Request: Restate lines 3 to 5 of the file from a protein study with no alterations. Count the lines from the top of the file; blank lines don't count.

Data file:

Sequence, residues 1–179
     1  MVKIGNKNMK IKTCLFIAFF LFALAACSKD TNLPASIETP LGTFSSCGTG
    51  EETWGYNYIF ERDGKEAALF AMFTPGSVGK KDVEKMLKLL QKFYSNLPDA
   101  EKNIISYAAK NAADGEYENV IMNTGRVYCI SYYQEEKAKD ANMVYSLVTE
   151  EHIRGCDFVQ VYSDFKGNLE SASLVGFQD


    51  EETWGYNYIF ERDGKEAALF AMFTPGSVGK KDVEKMLKLL QKFYSNLPDA
   101  EKNIISYAAK NAADGEYENV IMNTGRVYCI SYYQEEKAKD ANMVYSLVTE
   151  EHIRGCDFVQ VYSDFKGNLE SASLVGFQD